Abstract Academy Card Game Review

Abstract Academy

WBG Score: 7.5/10

Player Count 2-4

You’ll like this if you like: Azul, The Isle of Cats, Calico.

Published by: Crafty Games

Designed by: Molly Johnson, Robert Melvin, Shawn Stankewich

I love abstract games. The puzzle they create. The beauty they often have. The quiet satisfaction when you do well at them. Some abstract games try and manufacture a needless theme around the mechanics. Others proudly run devoid of any theme. From the designers of Dollars to Donuts, Point Salad, and Verdant, Abstract Academy sits somewhere in the middle, but how does it play?


Set-up for Abstract Academy is simple. Each player is dealt three canvas cards and given one challenge inspiration card. For the first round, one red, blue, and yellow assignment card is then flipped over to reveal the ways to score points for this phase. And that's it. You are ready to go!

Players will then take it in turns to place one of their three canvas cards into the central shared playing area, before drawing back up to three cards. As more canvas cards are placed a grid will start to form, with the maximum height and width being four cards. Once a 4x4 grid is created, the round is over and each player will assess their performance against their own private inspiration card and the public assignment cards.

Players are looking to place their canvas cards down to form groups of colours based on the scoring options available for that particular round. Players will only score for the two rows closest to them. As more canvas cards are placed, the rows can build out in any direction until a four sided row or column is formed. So, it might be that you place a card down with the expectation that it will end in your half and score for you, but as later canvas cards are placed behind, this could mean that this is not the case. Players are never allowed to place cards in the row furthest from them, once this has been formed, unless it is their only remaining option.

The evolution of the grid forming in front of the two players is a unique and interesting part of the puzzle. Your choice is not just about what to place and where to place, but also about how you can manipulate the board to end up being set up as you wish come the end of the round. Do you place bad cards at the start to try and then build back from that point so that these end up in your opponents scoring zone? Or do you react to the other players plans and try and disrupt what they are doing and build from it to suit you? There are many ways to play this.

In the second round, professor cards are used instead of the assignment cards. And then in the third and final round a mixture of the two are brought in. The assignment cards are all focused around the particular colour deck they are from. Largest red area. fewest blues etc. The professor cards offer slightly more complex challenges such as trying to have the fewest amount of colour areas on your side. As in, you need to group the colours together as best you can.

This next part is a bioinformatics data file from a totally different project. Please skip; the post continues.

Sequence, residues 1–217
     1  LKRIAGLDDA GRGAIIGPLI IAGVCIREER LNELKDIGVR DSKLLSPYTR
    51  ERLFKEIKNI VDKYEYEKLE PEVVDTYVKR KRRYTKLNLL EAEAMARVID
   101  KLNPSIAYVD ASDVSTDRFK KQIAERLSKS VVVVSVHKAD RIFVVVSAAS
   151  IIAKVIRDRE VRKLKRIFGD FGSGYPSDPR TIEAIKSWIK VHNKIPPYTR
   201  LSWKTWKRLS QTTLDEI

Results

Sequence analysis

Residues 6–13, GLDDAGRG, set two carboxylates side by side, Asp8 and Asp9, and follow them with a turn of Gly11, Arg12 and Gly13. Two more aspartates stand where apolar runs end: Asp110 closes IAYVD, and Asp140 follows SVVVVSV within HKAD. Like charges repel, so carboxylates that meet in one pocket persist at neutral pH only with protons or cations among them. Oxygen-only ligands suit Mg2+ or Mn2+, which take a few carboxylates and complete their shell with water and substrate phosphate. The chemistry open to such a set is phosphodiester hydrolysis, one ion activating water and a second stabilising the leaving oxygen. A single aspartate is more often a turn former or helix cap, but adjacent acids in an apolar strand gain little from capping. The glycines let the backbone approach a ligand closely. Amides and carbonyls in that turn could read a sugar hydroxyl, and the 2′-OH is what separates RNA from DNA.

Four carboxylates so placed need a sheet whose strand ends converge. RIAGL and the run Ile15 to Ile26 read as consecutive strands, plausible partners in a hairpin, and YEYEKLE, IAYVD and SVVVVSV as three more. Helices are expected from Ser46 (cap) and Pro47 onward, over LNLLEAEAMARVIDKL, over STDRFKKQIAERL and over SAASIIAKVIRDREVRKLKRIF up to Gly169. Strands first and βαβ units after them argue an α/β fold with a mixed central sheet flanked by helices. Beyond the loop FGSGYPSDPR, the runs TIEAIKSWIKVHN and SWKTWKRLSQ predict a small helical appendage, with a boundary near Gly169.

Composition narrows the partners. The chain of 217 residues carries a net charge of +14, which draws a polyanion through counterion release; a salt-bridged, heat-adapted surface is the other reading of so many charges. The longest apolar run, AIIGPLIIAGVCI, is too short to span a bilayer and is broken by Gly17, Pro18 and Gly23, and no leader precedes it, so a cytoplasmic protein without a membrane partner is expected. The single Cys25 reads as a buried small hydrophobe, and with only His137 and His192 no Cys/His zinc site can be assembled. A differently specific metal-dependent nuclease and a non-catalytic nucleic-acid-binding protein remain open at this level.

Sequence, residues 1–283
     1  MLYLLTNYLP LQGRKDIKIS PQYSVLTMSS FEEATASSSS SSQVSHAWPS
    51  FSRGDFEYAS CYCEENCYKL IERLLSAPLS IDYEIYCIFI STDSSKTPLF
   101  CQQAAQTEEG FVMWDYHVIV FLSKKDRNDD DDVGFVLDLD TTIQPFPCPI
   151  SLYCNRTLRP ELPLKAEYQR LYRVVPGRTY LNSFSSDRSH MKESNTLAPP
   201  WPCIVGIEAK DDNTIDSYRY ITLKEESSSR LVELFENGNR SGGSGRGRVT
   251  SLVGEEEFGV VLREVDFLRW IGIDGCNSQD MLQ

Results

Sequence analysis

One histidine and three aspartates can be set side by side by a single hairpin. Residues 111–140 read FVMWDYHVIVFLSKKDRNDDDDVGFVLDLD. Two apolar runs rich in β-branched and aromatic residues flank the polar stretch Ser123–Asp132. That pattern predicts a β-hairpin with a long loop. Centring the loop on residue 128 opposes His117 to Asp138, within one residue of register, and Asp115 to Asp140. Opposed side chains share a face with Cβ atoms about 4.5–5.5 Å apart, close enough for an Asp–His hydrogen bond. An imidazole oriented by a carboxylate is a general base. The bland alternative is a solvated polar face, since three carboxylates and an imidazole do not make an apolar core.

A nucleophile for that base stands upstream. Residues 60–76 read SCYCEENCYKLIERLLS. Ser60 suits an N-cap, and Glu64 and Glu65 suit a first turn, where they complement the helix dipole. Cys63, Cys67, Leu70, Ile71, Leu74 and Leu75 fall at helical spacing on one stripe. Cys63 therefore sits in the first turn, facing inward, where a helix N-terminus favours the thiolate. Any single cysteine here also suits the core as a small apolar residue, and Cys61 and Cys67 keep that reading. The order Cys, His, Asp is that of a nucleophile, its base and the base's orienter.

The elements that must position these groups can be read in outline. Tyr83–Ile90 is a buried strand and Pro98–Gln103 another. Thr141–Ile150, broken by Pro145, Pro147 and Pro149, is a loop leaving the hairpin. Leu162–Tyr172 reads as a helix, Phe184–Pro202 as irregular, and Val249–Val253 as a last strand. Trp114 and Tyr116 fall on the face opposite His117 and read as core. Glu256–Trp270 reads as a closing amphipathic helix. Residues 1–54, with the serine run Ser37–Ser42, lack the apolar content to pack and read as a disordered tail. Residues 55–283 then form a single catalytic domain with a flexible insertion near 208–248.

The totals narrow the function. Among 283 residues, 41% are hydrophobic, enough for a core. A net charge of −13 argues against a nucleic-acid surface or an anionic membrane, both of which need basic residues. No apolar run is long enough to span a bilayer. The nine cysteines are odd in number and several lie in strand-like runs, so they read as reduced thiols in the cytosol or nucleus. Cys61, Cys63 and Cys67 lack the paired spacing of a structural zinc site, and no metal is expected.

Your private inspiration card will challenge you to create a Tetris style polyomino shape. You will get a new inspiration card each round which offers a nice supplementary mini private quest for you to focus on. Sometimes, you can complete these tasks naturally without much thought. Other times when they contradict the other professor or colour assignment cards for that round, they can be a little more tricky or even an avoidable nuisance.

All the professor and assignment cards are scored with an all or nothing mechanic. One player will take the points if they have the most, fewest or longest of that colour, the other player will get nothing. You are rarely fully in control of winning these cards and getting the available points. Whereas you can guarantee the points from the inspiration cards if you want to focus on them.

Playing Abstract Academy feels light but challenging. Laying a card, picking up another card. Choosing from one of three. The rules are simple and rounds and games can fly by. But there are so many nuances to every move. Games can quickly slip away from you if you are not careful. But the overall play time can be as low as 15 minutes with two players who are used to the game so you can always shuffle up and go again. As the scoring cards are win or loose, if you miss out on a few cards by a small margin, it can look like a big loss when the points are tallied up when in fact the game was very close, but hopefully it wont take long to get your revenge!

Abstract Academy is a beautiful looking game. The art is very simple on the canvas cards but it looks stunning. And when the grid is finished, I defy you not to stare at your combined creation, at least for a moment, and see what you made. I always see British farm fields from the perspective of a plane, high above. With rivers and ponds scattered about. What do you see?

I would recommend Abstract Academy to anyone looking for a quick two-player duel card laying game, who enjoys abstract games that relay on a visual puzzle. This game is certainly not going to suit everyone's playing tastes, but those of us who like these sorts of games I think are going to love it!

You can find out more here and grab a copy of the game with a free promo if you order direct from the publisher.

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